Let the only factor affecting the returns be Fint, the news on interest rates Before the FOMC meeting, the market participants expect the FED not to change the base rate: E(Fint) = 0 After the meeting, B. Bernanke announces that the interest rate is raised by 25 b.p. => Fint = 0.25 > 0 What should the sensitivities to Fint be for: – – –

Fixed income securities? Stocks? Commodities?

Macroeconomic variables approach: empirical findings z

Chen, Roll & Ross (1986) –

Important factors: z z z

–

Less significant factors: z z

–

Changes in GDP growth rate Changes in default risk premium (spread b/w YTM on AAA and BBB rated bonds) Changes in the slope of the YC (spread b/w LT and ST bonds rates) Unexpected changes in the price level (difference b/w actual and expected inflation rates) Changes in expected inflation (T-bill yield)

Unimportant: z

The return on market index, when added to the regression, could not explain the expected returns

Macroeconomic variables approach: empirical findings z

Chan, Chen & Hsieh (1985); Jagannathan & Wang (1996) –

–

Identified default spread and labor income as systematic factors associated with positive riskpremiums Research on explaining the small firm effect z z z

Small cap stock returns appeared to be highly correlated with changes in the spread b/w BBB and default-free bonds The spread seems to be a fairly good predictor of future market returns Betas are higher when the spread is high

Characteristic-sorted portfolios approach z

Identify the possible characteristics: – – – –

z z

Size Forward-looking indicators (B/M) Backward-looking indicators (stock’s performance during the past 6-12 months) Etc.

Group portfolios of stocks that satisfy the above characteristics Calculate the risk premiums associated with the respective characteristic (risk factor)

Characteristic-sorted portfolios approach: pros and cons z

Advantages: –

–

z

The approach is based NOT on cross-correlations between individual securities, but on the correlation with some common characteristic => does not require the constant correlation assumption Uses portfolios returns, which are highly unpredictable, but observable, to calculate factor risk premiums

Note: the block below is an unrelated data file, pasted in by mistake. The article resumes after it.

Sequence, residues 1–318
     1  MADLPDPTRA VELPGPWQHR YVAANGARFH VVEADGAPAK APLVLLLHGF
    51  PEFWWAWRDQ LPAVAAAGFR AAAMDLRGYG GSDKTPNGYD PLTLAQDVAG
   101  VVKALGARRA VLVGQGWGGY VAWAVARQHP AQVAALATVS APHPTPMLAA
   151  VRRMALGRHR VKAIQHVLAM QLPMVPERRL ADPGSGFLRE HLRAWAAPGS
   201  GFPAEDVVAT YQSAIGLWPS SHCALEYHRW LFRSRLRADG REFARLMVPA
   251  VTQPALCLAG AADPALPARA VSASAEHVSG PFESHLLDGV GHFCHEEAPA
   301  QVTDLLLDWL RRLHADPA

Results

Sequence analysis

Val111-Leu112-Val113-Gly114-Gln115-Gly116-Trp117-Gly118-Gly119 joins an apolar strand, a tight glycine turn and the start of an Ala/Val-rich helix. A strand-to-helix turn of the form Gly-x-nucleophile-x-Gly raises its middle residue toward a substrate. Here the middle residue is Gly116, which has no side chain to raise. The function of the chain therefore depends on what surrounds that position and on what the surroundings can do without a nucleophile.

Disadvantages: –

Relationships found in historical data are not guaranteed to have explanatory power in the future

Characteristic-sorted portfolios approach: empirical findings z

Fama & French (1993) –

Suggested a 3-factor model composed of the following three zero-cost (self-financing) portfolios: z z z

–

Value-weighted index portfolio (long) + T-bills (short) High book-to-market stocks (long) + low book-to-market stocks (short) Small-firm stocks (long) + large-firm stocks (long)

Estimated risk-premiums for each factor (b/w 1963 and 1994) z

5.2%; 3.2%; 5.4%

Characteristic-sorted portfolios approach: empirical findings –

Estimated the factor sensitivities for stocks in different industry groups:

Characteristic-sorted portfolios approach: empirical findings 9% 8% 7% 6% 5% 4% 3% 2% 1% 0% 0,7

0,8

0,9

1

Risk-premium (multi-factor)

1,1

1,2

Risk-premium (CAPM)

1,3

APT vs. CAPM – 1 z

Desired portfolio: –

–

z

CAPM: two-fund separation theorem states that all investors will form their desired portfolios by combining only 2 assets – the risk-free asset and the market portfolio APT: in a complete market the desired portfolio can be formed by combining the factor-replicating portfolios and the risk-free asset

Securities pricing under both theories: –